Three goddesses, banished to earth by their dad, Zeus (yeah, that Zeus)...Era, on mortal boys:
"Look at him. Even the gods back home aren't that cute."Polly, on Nova High gossip:
"I'm simply not in the mood to chatter on about silly spiteful girlsor cute Johnny Jims or sauerkraut breath."Thalia, on earth:
"I mean, we don't know what earth is like. Maybe it's all leprechaunsand roses. Maybe it's an adventure every day. Maybe it's space-age."
Polly, Era, and Thalia are stuck on earth, and to get back to Olympus, they've got to prove they've learned their lesson. And they've got to get through high school in the meantime. Which would be hard enough without the horribly evil Furies threatening to destroy their chances of ever seeing home again....
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Clea came to the project as a teen-junk-store-owner and writer, having written for magazines such as Details, Transworld's Warp, Option and countless other newspapers.From Publishers Weekly:
Hantman's (Hey, Day!) flighty tale (which begins, "Oh, poop!") launches the Goddesses series, starring a trio of Zeus's daughters. They, along with six other sisters, are known as the Muses. At the prodding of their vindictive stepmother, Hera, Zeus banishes practical Polly, innocent Era and headstrong Thalia from the heavens as punishment for a prank. Though the aging god intends to send them to the Athens of 423 B.C., he bumbles his order and instead the teens land in Athens, Ga., in 2001. Tapping the comical potential of their predicament, sassy narrator Thalia gets the story off to a spirited start, as the sisters initially confront clothing fads, modern appliances and the lifestyle and lingo of contemporary mortal high school students. The author successfully interjects several incidents reminiscent of slapstick alien routines (on the first day of school, ravenous Era bites into a candy bar without removing the wrapper), yet the gag soon grows old and the narrative becomes repetitious and sluggish. Thalia discloses her relationship with her best friend and suitor, the love-smitten Apollo, in flashbacks, and intermittently offers flippant snippets of Greek mythology ("I have eight sisters total, so there are nine of us. We're Goddesses of inspiration, Goddesses of the arts, and a real kick at parties"). Unfortunately, they may not be enough of a kick to hook readers on subsequent installments of their earthly exploits. Ages 10-up.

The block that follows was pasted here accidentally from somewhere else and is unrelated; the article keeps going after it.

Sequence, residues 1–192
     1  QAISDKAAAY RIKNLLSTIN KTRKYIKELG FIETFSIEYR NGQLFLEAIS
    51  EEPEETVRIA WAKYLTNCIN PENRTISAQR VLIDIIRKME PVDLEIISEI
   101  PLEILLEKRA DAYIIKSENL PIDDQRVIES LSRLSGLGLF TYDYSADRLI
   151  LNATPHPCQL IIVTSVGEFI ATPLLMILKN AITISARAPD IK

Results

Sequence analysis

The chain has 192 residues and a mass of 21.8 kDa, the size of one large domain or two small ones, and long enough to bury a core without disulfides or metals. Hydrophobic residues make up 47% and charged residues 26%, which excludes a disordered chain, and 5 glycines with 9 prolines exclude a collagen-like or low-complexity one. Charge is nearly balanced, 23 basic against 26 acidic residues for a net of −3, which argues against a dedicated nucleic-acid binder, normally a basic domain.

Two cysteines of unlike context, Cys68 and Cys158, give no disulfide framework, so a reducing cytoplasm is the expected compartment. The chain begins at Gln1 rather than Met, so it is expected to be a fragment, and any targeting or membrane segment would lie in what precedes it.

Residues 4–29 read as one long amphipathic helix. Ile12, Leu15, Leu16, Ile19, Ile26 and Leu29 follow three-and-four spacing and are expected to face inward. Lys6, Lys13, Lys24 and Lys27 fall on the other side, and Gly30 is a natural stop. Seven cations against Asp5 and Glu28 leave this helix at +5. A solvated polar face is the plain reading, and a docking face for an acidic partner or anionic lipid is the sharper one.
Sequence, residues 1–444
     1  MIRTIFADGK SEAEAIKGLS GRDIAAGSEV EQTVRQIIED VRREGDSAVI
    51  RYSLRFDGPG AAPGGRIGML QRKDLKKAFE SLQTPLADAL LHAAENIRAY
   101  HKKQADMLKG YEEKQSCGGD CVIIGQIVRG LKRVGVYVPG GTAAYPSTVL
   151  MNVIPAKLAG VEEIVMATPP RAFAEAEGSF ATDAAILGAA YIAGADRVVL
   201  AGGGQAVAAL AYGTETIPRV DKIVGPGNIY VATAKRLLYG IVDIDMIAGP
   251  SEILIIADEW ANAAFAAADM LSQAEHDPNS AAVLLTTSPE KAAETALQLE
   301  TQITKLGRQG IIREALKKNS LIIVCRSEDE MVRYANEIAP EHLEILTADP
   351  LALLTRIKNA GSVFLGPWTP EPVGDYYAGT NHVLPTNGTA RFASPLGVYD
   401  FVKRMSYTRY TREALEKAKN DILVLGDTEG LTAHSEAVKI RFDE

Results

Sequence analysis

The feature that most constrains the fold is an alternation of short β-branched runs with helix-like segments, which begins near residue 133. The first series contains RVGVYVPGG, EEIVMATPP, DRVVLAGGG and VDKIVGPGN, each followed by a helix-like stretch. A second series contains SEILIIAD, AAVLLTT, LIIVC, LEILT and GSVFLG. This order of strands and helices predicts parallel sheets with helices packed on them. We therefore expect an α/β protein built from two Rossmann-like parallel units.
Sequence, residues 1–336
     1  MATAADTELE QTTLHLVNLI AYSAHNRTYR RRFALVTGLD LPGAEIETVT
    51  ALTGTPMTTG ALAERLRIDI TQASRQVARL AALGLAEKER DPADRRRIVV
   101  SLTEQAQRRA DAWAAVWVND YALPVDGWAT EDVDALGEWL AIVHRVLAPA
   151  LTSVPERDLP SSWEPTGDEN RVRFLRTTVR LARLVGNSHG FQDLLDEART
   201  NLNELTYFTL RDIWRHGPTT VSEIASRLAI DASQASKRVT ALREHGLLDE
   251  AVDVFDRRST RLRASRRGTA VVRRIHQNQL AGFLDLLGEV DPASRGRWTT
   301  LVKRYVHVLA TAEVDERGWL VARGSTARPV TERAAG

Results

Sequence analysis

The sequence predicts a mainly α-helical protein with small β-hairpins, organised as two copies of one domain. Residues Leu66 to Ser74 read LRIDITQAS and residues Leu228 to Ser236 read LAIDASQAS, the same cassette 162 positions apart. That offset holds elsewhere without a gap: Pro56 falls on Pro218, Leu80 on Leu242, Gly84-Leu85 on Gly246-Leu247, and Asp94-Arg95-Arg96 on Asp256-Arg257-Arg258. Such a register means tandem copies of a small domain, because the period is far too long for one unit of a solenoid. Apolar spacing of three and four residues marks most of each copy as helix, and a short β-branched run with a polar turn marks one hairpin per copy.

Copyright 2001 Cahners Business Information, Inc.
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